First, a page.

Authors: Tom Leveen
“You're definitely not feeling very good if homework is a reasonable alternative to sleep,” Noah says. He's full of it. He gets straight As.
“Hard to do English without a computer,” I say.
“True,” Noah says. “But you could always use one of those, what do you call themÂ .Â .Â .
I'd probably laugh if tonight wasn't the night that it is. Still, Noah has a point. Maybe I could handwrite some things. Except I don't think my English teacher accepts anything less than twelve-point Times New Roman with one-inch margins. Mom promised to find a laptop from her work that would have an Office suite on it or something, but so far she hasn't. We've all been a
preoccupied. But if I don't start turning some things in, there goes junior year.
Speaking of next yearÂ .Â .Â .
I'm sixteen now, which means if things go badly, I won't get out of prison till I'm twenty-six.
I don't say that to Noah as I sit at my empty desk, holding my phone to my ear and listening to him eat something. Probably popcorn. It's not crunchy enough for chips. I'd hear it if it was chips.
I hate my new phone.
Wait; I should be careful using a word like
right now too. In fact, I'd be happy to never hear it used again.
I should also use quotes around the term “new” phone. It's not
-new. Mom had been meaning to recycle it for more than a few years now. It's been sitting on the kitchen counter, in a little clay dish I made in first grade, along with a stew of paper clips, rubber bands, and an outdated Burger King coupon nobody's bothered to throw away. The coupon is so old,
it's a family joke. “Hey, buy one, get one free at Burger King!” we'll say whenever someone asks Dad what's for dinner. Mom always sighs and says she knew Canyon City was getting too big when we had
Burger Kings instead of one.
Well, at least I've
a phone. They didn't completely take away my ability to communicate with the few people who still care to acknowledge me. Which, can I just say, is so hypocritical. As if my teammates didn't give Kevin Cooper a hard time at school. As if the entire coaching staff didn't have it in for him during PE. My God, if ever there was a person who gave Cooper a bunch of crap, it was Coach Scordo, who runs the baseball team and all the boys' PE classes. Any guy who couldn't run a lap got ostracized; I'd seen it. And did administration or the rest of the staff do anything about it? No. Why aren't
in trouble too?
I sigh out loud and trace a finger on top of my desk. In addition to switching my phone, my parents also confiscated my laptop, and thus, my lifeline to the wider world. There's still a rectangular dust pattern on my desk from where it used to sit. I should clean that up.
“So, Tori-chan?” Noah says on my new/old phone. “You're being awfully quiet. Dare I ask what's on your mind this fine evening?”
“Don't you watch the news?” I ask back. “You know what tomorrow is.”
I almost tell him to stop calling me “Tori-chan” instead of just Tori, but right now anything other than Victoria RenÃ©e Hershberger is a relief. The TV reporters insist on using all three names, like they do with assassins: Lee Harvey Oswald, John Wilkes Booth.Â .Â .Â .
Hershberger. There is one word to describe this surname:
. It looks god-awful beneath last year's freshman Canyon High yearbook photo the news uses all the time. It crowds across my shoulders on my jersey. And it definitely didn't sound any better coming from that stupid reporter during dinner.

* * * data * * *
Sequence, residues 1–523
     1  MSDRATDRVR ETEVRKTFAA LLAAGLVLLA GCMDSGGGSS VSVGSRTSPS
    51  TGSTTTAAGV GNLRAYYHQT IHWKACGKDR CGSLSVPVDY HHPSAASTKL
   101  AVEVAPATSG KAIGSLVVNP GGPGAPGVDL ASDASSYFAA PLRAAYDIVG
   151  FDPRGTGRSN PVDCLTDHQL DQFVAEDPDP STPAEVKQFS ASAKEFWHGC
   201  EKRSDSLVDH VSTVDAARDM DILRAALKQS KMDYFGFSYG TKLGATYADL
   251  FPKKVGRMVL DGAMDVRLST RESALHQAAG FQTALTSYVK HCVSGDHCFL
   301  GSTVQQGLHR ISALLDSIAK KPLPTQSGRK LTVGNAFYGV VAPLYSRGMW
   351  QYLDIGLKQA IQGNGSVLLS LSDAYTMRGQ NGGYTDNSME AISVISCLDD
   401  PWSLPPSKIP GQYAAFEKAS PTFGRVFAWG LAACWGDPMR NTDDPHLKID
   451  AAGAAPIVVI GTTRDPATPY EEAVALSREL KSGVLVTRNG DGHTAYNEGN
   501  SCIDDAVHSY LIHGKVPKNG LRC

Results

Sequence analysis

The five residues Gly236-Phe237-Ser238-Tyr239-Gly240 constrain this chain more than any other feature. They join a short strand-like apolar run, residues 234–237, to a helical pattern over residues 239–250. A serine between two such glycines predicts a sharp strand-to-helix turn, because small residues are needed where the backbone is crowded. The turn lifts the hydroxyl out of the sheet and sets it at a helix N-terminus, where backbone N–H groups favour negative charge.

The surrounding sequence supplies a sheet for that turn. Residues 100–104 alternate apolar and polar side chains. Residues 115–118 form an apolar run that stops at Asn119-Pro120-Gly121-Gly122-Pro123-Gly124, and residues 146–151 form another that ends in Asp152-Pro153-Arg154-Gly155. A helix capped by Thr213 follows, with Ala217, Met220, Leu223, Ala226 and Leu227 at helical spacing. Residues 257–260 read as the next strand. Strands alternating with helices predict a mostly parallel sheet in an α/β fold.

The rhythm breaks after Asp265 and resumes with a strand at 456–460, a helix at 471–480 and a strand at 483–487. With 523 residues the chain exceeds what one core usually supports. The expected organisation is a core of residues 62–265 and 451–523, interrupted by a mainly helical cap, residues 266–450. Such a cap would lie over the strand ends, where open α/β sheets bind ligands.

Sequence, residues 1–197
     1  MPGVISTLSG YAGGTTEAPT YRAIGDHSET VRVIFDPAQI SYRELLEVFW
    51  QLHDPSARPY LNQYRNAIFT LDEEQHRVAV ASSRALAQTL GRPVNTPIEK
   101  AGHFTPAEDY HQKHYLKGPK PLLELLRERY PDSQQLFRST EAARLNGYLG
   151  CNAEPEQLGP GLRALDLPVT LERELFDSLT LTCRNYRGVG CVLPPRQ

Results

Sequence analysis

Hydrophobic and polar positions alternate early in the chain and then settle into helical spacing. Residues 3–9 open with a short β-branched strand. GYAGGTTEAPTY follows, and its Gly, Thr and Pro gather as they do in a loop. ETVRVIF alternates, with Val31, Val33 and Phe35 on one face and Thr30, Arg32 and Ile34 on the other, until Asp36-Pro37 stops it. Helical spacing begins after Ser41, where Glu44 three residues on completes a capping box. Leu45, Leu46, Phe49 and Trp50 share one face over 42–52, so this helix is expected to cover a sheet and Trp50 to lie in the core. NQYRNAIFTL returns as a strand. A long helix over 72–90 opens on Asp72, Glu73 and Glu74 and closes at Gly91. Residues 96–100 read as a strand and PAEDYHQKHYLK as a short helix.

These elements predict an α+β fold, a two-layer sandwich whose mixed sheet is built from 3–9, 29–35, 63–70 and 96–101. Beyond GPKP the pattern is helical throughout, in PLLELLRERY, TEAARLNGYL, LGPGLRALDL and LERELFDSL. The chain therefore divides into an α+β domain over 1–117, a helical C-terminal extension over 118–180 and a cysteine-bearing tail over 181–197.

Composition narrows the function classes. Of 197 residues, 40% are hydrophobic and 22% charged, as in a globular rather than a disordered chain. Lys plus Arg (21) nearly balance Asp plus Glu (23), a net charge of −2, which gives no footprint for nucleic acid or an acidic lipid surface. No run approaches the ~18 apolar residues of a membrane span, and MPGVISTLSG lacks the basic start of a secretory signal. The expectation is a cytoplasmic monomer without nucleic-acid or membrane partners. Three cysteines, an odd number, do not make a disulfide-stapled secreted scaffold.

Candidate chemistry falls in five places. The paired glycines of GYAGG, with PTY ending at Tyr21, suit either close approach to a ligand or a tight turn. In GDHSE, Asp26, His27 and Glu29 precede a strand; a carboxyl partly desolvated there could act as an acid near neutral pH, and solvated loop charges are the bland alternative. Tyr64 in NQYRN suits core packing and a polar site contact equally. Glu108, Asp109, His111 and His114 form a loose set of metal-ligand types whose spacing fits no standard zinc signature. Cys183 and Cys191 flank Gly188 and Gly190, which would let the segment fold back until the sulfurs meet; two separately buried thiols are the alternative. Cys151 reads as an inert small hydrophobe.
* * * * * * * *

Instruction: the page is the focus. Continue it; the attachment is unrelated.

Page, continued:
“Of course I've been watching,” Noah says. “But I don't expect them to tell me the truth.”
“I love you,” I say.
Noah laughs. “Don't let your mouth write checks your heart can't cash, Hershy.”
He's the only person left on planet Earth I'd ever let get away with calling me something like “Hershy.” But we go back a long time. Sixth grade. That's virtually an eon. We hung out a lot more back then, in junior high. Even last year. We sort of drifted this year, though. Which makes me all the more grateful that he's sticking by me now.
I lie flat on my bed, staring at the ceiling. “Hey, can you eat a popcorn ceiling?”
“The question is, why would you want to?”
“Because it's popcorn. Duh.”
“Pretty sure it's not real popcorn, Tori-chan.”
He loves to hear himself say that. Noah wants more than anything to live in Japan. He has this whole spiel about the difference between
. It's cute, but also stale. He's been in love with all things Japanese ever since he first saw
. The obsession grew from there.
“More important, would it taste good with butter and salt?” I say, and answer my own question. “Yes. Everything tastes better with butter and salt. I'd eat my own feet with butter and salt.”
“Your own feet, huh?”
“I mean, I'd wash 'em first, obviously.”
“That's good, 'cause I've smelled your cleats after a game, and
.Â .Â .Â .”
“Seriously, you guys need to clean up better.”
“Says the man crushing on our entire infield.”
“Just the infield?” Noah says, feigning shock. “It's the whole team, Hershy.”
“I was trying to keep you from sounding like a man whore.”
“Yeah, well, man whores get dates,” Noah says. “So when's your next gameâ”
He cuts himself off. I won't be at a game for quite some time. Like, next year, maybe. If I'm lucky. Apparently he forgot.
Or is it
he forgot? I can't keep track anymore.
“Well,” Noah says after a pause, “I guess, whenever you come back, huh?”
“Yeah,” I say. “Sure.”
I hear him sigh. “So why'd you call me? To talk about eating your ceiling?”
“Look, Tori, if you're so totally opposed to talking about itÂ .Â .Â .”
“Sorry,” I say, very bitchyâbitchily? “Forget it.”
I hang up, closing the flip phone. A
. A cheap and outdated substitute for my iPhone. May as well be chiseled out of granite. I dump the flip onto my nightstand and fling an arm over my eyes to block out my overhead light. Feels like an interrogation room in here with that blazing corkscrew bulb. “Soft white light,” my muscular
I didn't mean to be bitchy to Noah, but God, I need a distraction, not more talk about the case. I've been living and breathing nothing else for like a month now. Can't we just talk about dumb things likeÂ .Â .Â . like popcorn ceilings? Or how hot he thinks Alexis and Alyssa and Taylor and Megan and the rest of the team are?